Jamon croquetas recipe

Jamon & Manchego Croquetas – Recipe

A rich, indulgent tapa that’s easy to make at home.

When the guys from Mahou brewery in Spain got in touch and asked if we’d like to create and share a tapa recipe to go with their premium beer Alhambra Reserva 1925, it took us literally seconds to decide what we were going to cook. It just had to be our jamon and Manchego croquetas.

Jamon and Manchego Croquetas

Whenever we eat tapas, whether it’s at home, in Spain or at one of London’s many excellent Spanish restaurants, it’s usually a safe bet that a plate of croquetas will end up on our table. Filled with gooey, cheesy béchamel sauce, bread crumbed and deep fried; croquetas are undoubtedly a calorific treat but are 100% worth it in our book.

Mise en place – croquetas under construction

Ingredients (makes around 16 decent sized croquetas)

60g butter
60g flour (+ another 30g for flour dredge)
1 Tbsp sunflower oil (+ extra for deep frying)
450ml whole milk
50g cream
1 shallot
1 bay leaf
Pinch fresh ground nutmeg, salt & pepper
70g Manchego cheese
50g mature Cheddar cheese
6 slices reasonably priced jamon or serrano ham
2 Spring Onions (finely sliced)
80g panko breadcrumbs
1 large beaten egg

Croquetas 2
Croquetas – ready to fry



1. Finely dice the shallot and gently fry in a saucepan with a splash of sunflower oil for a couple of minutes till translucent.

2. Add the butter and stir until it melts, then gradually sift in the flour; stirring all the time to make a roux. Cook for a few minutes, still stirring to make sure it doesn’t catch on the pan.

3. Add the milk little by little, stirring constantly (using a whisk if necessary). If you stop stirring, you’ll end up with a lumpy béchamel so be careful to avoid this. I always add the cream after the milk to reduce the chance of lumping. Now add the bay leaf and cook for another 15-20 mins or until thickened. Add the nutmeg, sliced jamon and grated Cheddar and Manchego and cook until the cheese has melted into the sauce. Season to taste.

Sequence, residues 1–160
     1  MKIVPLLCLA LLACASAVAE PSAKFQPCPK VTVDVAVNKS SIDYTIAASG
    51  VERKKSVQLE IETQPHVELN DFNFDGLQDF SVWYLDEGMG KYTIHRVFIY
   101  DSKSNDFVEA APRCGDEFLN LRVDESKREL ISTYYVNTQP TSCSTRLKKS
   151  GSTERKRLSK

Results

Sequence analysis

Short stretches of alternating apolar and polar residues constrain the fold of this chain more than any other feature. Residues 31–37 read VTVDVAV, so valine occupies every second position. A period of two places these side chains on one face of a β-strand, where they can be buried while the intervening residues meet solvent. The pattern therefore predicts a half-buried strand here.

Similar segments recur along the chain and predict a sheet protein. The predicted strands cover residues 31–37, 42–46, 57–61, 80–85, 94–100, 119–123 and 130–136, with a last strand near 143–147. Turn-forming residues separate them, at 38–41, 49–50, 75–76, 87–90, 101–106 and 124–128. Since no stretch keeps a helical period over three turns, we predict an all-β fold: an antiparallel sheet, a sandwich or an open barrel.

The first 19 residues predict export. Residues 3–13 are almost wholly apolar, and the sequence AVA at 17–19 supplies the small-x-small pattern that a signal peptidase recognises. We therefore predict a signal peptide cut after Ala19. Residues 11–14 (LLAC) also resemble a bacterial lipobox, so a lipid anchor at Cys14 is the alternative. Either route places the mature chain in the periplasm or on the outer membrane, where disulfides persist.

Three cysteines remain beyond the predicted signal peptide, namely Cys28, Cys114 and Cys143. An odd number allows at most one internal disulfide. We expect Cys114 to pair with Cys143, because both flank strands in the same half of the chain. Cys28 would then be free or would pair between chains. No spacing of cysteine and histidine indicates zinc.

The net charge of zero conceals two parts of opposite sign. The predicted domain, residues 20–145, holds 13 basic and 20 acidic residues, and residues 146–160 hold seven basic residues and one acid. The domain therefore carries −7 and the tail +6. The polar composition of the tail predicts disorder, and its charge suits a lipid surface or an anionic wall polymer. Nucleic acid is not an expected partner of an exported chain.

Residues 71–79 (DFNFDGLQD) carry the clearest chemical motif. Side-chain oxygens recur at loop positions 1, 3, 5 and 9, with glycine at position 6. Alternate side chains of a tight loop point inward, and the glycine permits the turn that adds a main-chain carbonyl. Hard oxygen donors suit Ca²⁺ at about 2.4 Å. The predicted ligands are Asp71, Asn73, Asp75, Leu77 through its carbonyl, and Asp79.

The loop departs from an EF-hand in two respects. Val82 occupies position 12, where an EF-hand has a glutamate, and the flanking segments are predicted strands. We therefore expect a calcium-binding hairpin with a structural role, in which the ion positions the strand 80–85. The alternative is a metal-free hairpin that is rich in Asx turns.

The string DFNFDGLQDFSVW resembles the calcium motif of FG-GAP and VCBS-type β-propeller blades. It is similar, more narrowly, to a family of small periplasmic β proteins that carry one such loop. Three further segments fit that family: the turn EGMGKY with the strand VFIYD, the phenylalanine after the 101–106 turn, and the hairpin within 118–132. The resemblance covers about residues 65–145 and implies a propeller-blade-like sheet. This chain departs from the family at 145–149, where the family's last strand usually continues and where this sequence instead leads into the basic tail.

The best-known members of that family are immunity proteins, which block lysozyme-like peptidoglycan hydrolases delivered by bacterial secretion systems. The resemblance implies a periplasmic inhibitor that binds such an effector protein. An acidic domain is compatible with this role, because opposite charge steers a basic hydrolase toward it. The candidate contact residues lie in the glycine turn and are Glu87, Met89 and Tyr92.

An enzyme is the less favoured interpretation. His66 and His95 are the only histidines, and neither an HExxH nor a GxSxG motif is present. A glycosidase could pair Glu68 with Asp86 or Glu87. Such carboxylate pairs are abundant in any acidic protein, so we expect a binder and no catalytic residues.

4. Remove the bay leaf, set aside and cover with a buttered baking paper cartouche. When cool, place in the fridge for at least 1 hour to set.

5. Now take care of your mise en place. Take the chilled sauce out of the fridge and place on a worktop. You’ll need 3 shallow dishes for the crumbing so arrange them in order of use – flour first so (next to the saucepan), then egg and finally breadcrumbs.

6. Either quenelle the chilled sauce into shape or get your hands dirty and just roll them up. Either way is fine but if you do the latter, make sure your hands are damp or the mixture will stick to your fingers. They don’t have to look perfect at this stage. This is rustic, home style cooking and when they are fried they will look just fine.

7. Next roll in the flour mix, dip and roll in the beaten egg and finally coat generously with breadcrumbs. If your béchamel is thick enough, the crumbing should prevent any major leakage when frying but this is always a danger. If you want to play safe, double-crumb the croquetas

8. Place in the freezer for ten minutes to chill the coating then fry at 175°C for a few minutes until golden. If you spot any leaks, remove from the fryer and finish in a preheated oven at around 160°C

9. Serve with aioli, a wedge of lime and a cold beer

Competition (fulfilled by Mahou San Miguel)

Alhambra 1925

What would be your perfect tapa for pairing with Alhambra Reserva 1925? Comment below and you could win a heritage set of Alhambra Reserva 1925 beer to enjoy with your own tapa creations!

Comment before midnight (BST) on September 30th 2015 to enter. The prize consists of 2 x 750ml bottles of Alhambra Reserva 1925 beer.

Find out more about Alhambra Reserva 1925
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Jamon & Manchego Croquetas
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About John Coulson

John moved to London from his native north east in 2007 and co-founded LondonPiggy with his partner Lisa Cheung in 2012. Eventually his passion for street food got too much and he quit his job as a digital marketing director to work full-time in the industry, starting ParmStar in 2015.

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